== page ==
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iXiGOers Jul 29 2013

Which are the famous Arts and Craft villages in India?

Kasturi Saikia Jul 29 2013
3 people found this answer useful Useful ?Yes

India is a country overflowing with various indigenous forms of Arts and Crafts. Each region in India boasts of rich handicrafts and handloom items, exclusive just to that place. A myriad of colours blended together forming hues of vivacious vibrance are created by the artisans born with the special skills.

In these craft villages their art form becomes the primary source of income for the indigenous people. Remotely located, away from the bustling city life these artisans create magic weaving the threads, that people in cities like to wear and flaunt. So, today lets discover the origin of alchemy of these artisans who help us get our bling.


The weavers of Kanchipuram are the proud producer of the world’s finest silk. The Kanchipuram or the Kanjivaram sarees are considered to be the best quality sarees that anyone can ever have. It is treated like a diamond solitaire in their jewellery box, by women across India.

Kanchipuram is a city located in Tamil Nadu, where the indigenous people are mostly involved in the saree weaving industry or agriculture. It is the traditional centre of silk weaving and handloom industries for producing Kanchipuram sarees. The industry is worth INR 100 crore (USD 18.18 million), however quite typically, the weaving community is not spared of poverty. This is mostly due to the poor marketing techniques and duplicate players in the market. The price of a single Kanchipuram Saree could be anywhere between INR 2,500 (USD 46) to INR 1,00,000 (USD 1,800). The prices are more depending upon the intricacy of design, pattern, colours, material that is used like zari, gold thread etc.

Kanjivaram sarees, in the year 2005 became the first Indian product to have received the Geographical Indication tag. The weaving industry of Kanchipuram dates back to the reign of Raja Chola I, who invited weavers to migrate to Kanchi. The craftsmanship increased when a mass of weavers from Andhra Pradesh migrated during the Vijayanagara rule.

Come and visit Kanchipuram, the historic city of skilled artisans and numerous ancient temples. Here you can see for yourself the weavers working on their looms, the frequently changing colours, the threads pulled together to create the lustrous fabric known as ‘Kanjivaram Sarees’.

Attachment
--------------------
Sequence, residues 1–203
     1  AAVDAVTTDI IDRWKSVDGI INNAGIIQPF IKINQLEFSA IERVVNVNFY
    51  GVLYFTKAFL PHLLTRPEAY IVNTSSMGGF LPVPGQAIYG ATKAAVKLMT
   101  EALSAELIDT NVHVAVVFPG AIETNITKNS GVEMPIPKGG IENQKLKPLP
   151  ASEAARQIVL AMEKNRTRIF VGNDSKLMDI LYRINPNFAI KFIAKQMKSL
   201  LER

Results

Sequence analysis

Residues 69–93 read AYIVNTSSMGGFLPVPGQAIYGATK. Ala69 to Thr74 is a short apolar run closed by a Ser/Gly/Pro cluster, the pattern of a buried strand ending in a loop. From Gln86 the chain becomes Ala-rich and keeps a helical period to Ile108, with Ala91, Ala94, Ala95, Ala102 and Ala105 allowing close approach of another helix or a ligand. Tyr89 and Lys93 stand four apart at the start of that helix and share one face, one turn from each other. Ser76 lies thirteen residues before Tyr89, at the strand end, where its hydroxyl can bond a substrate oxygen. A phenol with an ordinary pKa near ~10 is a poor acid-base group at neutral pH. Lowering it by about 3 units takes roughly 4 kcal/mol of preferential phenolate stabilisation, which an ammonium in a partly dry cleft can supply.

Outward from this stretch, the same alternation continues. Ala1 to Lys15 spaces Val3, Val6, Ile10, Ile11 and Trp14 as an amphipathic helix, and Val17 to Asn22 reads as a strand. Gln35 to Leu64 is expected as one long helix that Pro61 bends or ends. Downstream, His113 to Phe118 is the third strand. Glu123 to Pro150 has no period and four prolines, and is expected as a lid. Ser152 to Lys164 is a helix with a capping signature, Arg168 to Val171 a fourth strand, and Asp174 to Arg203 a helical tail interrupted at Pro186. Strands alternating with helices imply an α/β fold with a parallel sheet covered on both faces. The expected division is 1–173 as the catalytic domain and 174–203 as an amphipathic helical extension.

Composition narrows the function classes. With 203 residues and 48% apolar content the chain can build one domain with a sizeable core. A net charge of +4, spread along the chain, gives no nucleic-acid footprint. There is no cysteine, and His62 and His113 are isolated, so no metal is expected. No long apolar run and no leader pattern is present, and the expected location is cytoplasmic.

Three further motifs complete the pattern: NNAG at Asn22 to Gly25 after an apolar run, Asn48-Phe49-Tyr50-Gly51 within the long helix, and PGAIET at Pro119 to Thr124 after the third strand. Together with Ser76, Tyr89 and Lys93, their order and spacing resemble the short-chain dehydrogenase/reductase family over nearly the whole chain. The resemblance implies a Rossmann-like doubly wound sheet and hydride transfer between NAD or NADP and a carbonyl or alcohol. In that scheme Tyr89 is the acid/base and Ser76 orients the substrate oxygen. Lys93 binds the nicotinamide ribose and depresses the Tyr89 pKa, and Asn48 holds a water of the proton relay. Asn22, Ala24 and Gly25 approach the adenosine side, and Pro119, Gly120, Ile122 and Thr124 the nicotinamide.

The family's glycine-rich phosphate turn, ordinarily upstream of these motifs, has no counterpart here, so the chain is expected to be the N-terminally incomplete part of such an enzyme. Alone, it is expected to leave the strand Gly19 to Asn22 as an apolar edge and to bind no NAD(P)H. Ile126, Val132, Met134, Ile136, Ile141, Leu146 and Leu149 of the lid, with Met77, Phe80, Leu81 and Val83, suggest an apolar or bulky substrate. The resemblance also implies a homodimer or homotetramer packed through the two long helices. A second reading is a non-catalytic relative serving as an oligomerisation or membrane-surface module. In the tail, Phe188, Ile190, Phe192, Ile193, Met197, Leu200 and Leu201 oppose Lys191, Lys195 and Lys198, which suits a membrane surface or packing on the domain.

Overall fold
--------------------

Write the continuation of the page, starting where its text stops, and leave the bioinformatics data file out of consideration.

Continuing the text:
At Varanasi the world famous Banarasi sarees are woven. Defining pure elegance, Banarasi Sari is a must in an Indian woman's wardrobe. Banarasi sarees are historically considered to be amongst the best quality sarees in India. They are an inevitable part of a bride’s trousseau and adds a spark in the eyes of onlookers.

Nestled on the banks of Ganges, in the state of Uttar Pradesh, the weavers of Benares has adopted this skill to weave these striking fabrics. Their unique features are inspired by the imperial Mughal designs that includes intricate intertwining of floral and foliate motifs, kalga and bel, a string of upright leaves called jhallar on the outer edge of border etc. Apart from that the other distinctive features are their heavy gold work, figures with small details, compact weaving, metallic visual effects, jal (a net like pattern), pallus and classic mina work.

However, lately the Banarasi Silk handloom industry has been incurring major losses due to the cut throat competition from mechanised units that produces the Banarasi silk sarees at comparatively much faster rate and at much cheaper rate. Another source of competition has been the sarees made of cheaper synthetic alternatives to silk.